Guess My Vocation

by Channie Greenberg


Sam, Bernice, Jerry and Tabatha flicked their helmets to the opaque setting. The next guest was so famous as to be recognizable; they were disallowed visual cues.

Tabatha exhaled loudly enough for her mic to pick up her sentiment. Jerry patted her back with a hand, which had been gloved to sustain three different atmospheres’ worth of pressure. He understood that had any of them been able to secure more lucrative roles, they would not be participants on that game show. Nonetheless, a steady gig paid the bills and provided ongoing artistic exposure.

Sam, the veteran among them, coughed. Twenty times in the last fifty, he had been able to identify the guest before the buzzer rang. His bonuses had purchased him a Quibox Model 3 Scooter, which he used on weekends to explore the third moon. To Sam, time spent dawdling reduced the speed with which he could buy a Quibox for his latest honey.

Bernice tried to lick off the sweat that dripped from the end of her nose. She hated these weekly feats of mental agility. Why hadn’t she remained on board the XRT 35, entertaining Venetians with her underwater burlesque?

A loud, syncopated beat signaled that the show’s host, Tommy Two Heads, was making his way to his dais. Bernice shook her neck from left to right. Why did he merit a sine curve of frequencies when all that she, the queen of last century’s striptease, received was a computer-generated score performed by microbes from Andromeda?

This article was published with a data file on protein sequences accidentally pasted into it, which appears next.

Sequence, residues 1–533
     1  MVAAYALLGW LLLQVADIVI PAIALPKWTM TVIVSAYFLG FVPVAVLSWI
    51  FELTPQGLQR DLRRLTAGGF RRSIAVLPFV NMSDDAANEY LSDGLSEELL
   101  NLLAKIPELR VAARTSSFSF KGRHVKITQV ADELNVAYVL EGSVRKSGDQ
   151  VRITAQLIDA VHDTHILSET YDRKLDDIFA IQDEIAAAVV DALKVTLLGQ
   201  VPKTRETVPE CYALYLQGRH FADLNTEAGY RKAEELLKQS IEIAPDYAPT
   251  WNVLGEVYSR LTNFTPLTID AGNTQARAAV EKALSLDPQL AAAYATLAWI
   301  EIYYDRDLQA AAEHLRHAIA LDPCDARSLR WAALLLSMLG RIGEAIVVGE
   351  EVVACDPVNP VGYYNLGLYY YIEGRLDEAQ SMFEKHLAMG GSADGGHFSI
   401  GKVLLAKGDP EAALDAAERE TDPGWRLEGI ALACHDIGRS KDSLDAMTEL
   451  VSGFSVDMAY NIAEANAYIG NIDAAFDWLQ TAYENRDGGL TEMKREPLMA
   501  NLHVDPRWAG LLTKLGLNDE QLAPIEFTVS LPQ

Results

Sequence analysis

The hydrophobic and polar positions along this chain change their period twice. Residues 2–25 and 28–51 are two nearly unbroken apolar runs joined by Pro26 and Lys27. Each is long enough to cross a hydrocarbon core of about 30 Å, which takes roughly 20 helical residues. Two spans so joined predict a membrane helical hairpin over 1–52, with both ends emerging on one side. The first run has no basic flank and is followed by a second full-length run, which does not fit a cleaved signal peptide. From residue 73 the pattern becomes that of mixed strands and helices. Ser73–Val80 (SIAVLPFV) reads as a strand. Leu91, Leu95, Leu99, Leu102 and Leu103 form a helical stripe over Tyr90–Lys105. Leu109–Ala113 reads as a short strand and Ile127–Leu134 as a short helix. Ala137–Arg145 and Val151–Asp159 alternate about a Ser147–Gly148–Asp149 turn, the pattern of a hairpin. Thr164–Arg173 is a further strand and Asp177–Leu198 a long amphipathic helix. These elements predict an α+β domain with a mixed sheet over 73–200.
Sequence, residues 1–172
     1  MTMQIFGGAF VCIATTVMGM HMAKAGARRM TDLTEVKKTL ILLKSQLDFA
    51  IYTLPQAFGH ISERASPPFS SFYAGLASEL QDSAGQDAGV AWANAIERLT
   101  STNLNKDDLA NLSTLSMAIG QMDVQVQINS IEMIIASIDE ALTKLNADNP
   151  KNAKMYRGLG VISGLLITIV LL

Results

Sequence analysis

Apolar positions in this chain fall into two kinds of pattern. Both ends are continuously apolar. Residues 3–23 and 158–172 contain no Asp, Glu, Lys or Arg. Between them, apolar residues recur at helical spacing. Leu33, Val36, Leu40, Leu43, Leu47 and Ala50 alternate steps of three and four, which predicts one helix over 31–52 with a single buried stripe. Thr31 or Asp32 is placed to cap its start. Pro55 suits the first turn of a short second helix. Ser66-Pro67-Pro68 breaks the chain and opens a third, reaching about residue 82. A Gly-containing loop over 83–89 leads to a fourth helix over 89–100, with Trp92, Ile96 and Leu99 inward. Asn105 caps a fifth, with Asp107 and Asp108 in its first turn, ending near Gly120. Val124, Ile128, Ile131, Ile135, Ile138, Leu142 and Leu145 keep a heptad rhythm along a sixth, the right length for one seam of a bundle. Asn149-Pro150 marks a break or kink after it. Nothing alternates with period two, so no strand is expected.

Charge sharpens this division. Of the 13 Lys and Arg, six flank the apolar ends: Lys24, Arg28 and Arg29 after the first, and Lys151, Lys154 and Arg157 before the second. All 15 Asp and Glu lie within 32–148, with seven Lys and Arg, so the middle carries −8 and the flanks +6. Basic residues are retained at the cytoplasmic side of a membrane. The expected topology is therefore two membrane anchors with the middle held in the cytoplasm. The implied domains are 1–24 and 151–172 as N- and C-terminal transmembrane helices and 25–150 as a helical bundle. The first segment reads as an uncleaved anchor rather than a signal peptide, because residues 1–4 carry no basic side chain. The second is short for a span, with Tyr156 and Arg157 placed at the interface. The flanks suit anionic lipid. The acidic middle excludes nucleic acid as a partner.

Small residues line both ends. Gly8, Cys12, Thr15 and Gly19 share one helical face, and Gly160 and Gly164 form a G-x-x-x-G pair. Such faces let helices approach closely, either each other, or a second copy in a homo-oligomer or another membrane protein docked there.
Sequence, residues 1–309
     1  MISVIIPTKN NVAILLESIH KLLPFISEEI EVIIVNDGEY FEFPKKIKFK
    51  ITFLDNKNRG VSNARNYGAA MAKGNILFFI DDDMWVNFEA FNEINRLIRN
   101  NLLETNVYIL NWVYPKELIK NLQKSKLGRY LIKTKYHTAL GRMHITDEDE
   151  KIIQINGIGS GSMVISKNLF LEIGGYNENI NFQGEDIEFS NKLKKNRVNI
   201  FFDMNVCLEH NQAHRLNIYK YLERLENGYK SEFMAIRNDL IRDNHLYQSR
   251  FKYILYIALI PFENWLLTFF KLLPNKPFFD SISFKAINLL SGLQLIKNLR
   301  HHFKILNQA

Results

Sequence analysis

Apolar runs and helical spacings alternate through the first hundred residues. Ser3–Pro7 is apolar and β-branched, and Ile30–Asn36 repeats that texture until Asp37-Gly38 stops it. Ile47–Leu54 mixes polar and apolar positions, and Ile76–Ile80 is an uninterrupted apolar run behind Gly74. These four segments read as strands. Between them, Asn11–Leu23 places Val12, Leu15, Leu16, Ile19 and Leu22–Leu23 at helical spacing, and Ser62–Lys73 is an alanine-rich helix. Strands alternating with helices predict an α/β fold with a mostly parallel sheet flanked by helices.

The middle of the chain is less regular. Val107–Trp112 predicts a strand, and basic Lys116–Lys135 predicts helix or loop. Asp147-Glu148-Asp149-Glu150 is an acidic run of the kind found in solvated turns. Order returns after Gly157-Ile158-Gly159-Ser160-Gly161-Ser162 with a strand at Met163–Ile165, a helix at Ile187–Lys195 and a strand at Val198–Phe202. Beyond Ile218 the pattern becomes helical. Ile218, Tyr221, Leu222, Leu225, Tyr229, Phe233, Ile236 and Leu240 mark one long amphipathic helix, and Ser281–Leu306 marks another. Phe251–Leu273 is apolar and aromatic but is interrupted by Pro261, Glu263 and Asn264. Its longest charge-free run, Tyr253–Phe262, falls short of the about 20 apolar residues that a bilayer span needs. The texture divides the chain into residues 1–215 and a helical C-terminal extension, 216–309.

Another wave of algebraic notes indicated that the guest, too, had arrived. Bernice wished she could lighten her faceplate, but struggled against the impulse to do so. If she cheated, she would be replaced, leaving her with no means to pay off the dealer who supplied her with fossilized wombat knuckles.

Tommy Two Heads cleared his throats and announced to the panel that the guest was self-employed and that the guest was a service provider. He added the delectable hint that the guest worked with some of the biggest names in the entertainment industry.

Jerry groaned. Manufacturers were easier to sleuth than were merchants of assistance. Just the past week, he had completely misidentified the entrepreneur who specialized in separating mothers-in-law from their bank accounts. Before that, Jerry had been flummoxed when it came to fingering the weasel with the transplanted biped larynx, that had become rich cleaning out cosmic septic tanks.

Jerry strained to hear the contestant sit. All he picked up on his earphones was a spongy noise. Jerry made a mental note. After all, the tentacled pirate from Jupiter had arrived in a tank of liquid nitrogen. The razor-tongued skink from the deserts of Matawanqu 7 had similarly been encased in a form of matter both foreign and wondrous, which had flashed in Morse code a warning that Earth would be invaded three hours later.

Although Sam had won that round, having drilled himself on most of the intelligent fauna this side of the Milky Way, part of the prime audience had lost. In fact, Tabatha had fretted for two weeks after that event, since her manager had lived on one of those planets’ lone moon.